This Week’s Finest: Black Magick #6

by Greg Rucka, Nicola Scott, Chiara Arena & Jodie Wynne

After an extended hiatus, Black Magick returns with issue #6. The story shifts to explore the books past and mythology, while bringing on a couple of new contributors to the creative team. Yet, in spite of these changes, co-creators Greg Rucka & Nicola Scott remain masters of creating opening chapters for comic arcs, helping Black Magick pick up right where the book left off in terms of it’s pace and excitement. Deeply thoughtful and enthralling in equal measure, Black Majik #6 is a reminder of the series excellence. 

Black Magick #6 goes back to main character Rowan’s thirteenth birthday, and her upcoming initiation into the world of witch craft and it’s traditions. Rowan participates in a literal baptism that allows her to see all her past life’s across time. An event that is supposed to  be celebratory, it ultimately leaves her scarred from the trauma of the deadly persecution in her recently discovered past versions of herself. Rowan broods and acts out in school, coping with the enormity of the extended history of her persecution. Things start to look like they’re turning around, until a darker supernatural threat is introduced to throw the books cast into further disarray.

What’s readily apparent throughout issue #6 of Black Magick, is how full and well rounded Rucka & Scott’s work is together. Black Magick has been excellent since it’s debut, but now, after the two completed the first arc on the comic with an extended run on DC’s main Wonder Woman title, there’s a higher level of synocracy between the two creators intent and execution in their return to the title. Rucka’s character work is comprehensive as it toggles between three generations of family, always revealing the themes to the reader through purposeful conversation and action within the story. Scott’s expressions and acting are varied and detail, with an incredible warmth infused into her technical precision. Separate from one another, it’s tempting to think that either the art or writing could tell the story effectively, but together, it results in a single issue comic that is engrossing for its fluidity. Scott has an ability to bring character’s to life in comics panel that is unparalleled. This is further accentuated in Black Magick from the majority of the issue being absent of color with Scott’s raw pencils. Like in earlier chapters, Black Magick’s sparse use of colors underscore the element of wonder for the supernatural. New colorist Chiara Arena uses a similar palette to her predecessor, but she’s able to utilize her colors to highlight some of Scott’s dimensions in her illustration while slipping them into subtle points in the visual narration. While coloring is used far less in Black Magick #6 then in most modern comics, it’s essential to the overall narrative and presentation.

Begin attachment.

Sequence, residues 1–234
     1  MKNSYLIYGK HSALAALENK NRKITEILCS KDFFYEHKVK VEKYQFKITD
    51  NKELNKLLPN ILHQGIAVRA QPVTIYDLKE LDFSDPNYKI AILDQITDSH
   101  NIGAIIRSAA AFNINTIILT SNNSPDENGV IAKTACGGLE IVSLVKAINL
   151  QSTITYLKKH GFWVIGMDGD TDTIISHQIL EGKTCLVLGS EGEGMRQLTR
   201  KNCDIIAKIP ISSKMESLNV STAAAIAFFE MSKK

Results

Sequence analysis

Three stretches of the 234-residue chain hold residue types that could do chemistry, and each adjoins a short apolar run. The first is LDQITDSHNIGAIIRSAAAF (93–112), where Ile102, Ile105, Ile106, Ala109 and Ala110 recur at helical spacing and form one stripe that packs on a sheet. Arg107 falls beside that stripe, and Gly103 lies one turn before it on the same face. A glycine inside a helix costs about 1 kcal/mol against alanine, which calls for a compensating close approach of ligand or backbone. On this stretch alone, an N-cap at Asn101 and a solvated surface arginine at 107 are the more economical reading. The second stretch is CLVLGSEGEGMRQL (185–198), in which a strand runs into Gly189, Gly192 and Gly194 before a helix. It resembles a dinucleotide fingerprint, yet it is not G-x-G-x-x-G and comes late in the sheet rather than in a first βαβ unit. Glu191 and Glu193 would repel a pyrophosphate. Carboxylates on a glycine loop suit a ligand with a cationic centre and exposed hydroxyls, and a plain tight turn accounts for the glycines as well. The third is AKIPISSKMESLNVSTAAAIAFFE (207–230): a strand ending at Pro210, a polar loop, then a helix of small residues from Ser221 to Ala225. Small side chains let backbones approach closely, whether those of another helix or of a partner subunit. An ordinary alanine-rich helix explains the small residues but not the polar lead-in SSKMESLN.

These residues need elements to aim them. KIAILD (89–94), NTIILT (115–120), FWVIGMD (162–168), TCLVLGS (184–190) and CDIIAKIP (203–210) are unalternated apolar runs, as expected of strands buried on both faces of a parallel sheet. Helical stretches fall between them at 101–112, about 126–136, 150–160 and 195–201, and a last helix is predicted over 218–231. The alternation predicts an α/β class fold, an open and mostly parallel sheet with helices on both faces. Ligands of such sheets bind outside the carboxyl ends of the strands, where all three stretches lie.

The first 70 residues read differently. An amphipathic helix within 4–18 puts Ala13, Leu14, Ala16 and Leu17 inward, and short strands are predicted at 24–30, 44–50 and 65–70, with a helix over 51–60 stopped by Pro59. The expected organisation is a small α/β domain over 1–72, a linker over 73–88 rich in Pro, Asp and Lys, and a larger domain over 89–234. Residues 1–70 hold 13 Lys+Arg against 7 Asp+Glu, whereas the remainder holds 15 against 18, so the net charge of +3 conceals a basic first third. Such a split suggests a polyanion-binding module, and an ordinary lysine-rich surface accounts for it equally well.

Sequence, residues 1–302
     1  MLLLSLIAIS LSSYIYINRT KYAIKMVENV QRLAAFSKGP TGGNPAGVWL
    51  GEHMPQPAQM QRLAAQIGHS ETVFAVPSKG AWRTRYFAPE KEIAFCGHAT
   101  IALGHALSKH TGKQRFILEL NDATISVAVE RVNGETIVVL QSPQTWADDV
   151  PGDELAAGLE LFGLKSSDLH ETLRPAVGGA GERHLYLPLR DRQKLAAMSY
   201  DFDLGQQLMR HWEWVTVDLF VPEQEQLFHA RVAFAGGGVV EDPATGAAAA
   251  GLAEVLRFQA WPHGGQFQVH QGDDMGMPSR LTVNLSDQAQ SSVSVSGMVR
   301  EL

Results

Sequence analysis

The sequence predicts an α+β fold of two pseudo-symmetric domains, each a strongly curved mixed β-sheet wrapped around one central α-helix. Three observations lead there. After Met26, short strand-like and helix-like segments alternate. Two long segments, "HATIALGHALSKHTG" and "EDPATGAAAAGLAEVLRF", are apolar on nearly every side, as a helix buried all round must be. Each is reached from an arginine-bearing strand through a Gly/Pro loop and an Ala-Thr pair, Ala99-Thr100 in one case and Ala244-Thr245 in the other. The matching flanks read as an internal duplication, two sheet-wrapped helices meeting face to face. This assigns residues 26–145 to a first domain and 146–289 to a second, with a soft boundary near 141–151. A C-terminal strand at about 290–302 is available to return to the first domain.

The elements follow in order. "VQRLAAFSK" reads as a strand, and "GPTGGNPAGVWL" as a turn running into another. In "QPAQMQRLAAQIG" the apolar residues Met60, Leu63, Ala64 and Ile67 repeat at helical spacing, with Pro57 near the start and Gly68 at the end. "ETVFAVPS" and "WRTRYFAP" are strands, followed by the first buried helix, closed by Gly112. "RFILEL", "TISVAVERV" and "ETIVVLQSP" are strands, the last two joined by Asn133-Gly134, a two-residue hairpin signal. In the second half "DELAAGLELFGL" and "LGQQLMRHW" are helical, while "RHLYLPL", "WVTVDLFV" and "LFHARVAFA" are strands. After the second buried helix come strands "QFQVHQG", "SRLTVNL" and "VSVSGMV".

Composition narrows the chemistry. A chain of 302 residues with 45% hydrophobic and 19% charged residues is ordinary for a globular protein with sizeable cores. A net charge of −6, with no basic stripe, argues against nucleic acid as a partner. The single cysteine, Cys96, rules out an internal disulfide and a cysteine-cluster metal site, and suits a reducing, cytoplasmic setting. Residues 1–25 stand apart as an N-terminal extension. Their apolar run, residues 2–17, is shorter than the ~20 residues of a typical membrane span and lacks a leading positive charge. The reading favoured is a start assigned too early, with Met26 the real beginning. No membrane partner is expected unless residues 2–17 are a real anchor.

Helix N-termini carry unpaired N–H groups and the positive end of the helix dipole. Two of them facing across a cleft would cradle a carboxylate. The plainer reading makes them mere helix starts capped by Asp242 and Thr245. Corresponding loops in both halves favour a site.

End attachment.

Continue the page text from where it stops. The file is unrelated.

Black Magick is back, and issue #6 is already exceeding what had proceeded it in the series. Yes the narrative focus may have shifted, yes they’re working with a new colorist and editor, and yes, it’s hiatus has been extensive. But, Ruck & Scott are two masters of their craft, and the only thing that changed in that regard since the last time this series was out is their own improvement and synergy with one another. The first arc of Black Magick and Wonder Woman Year One were great, but issue #6 is better then any of that, and it’s only getting started.

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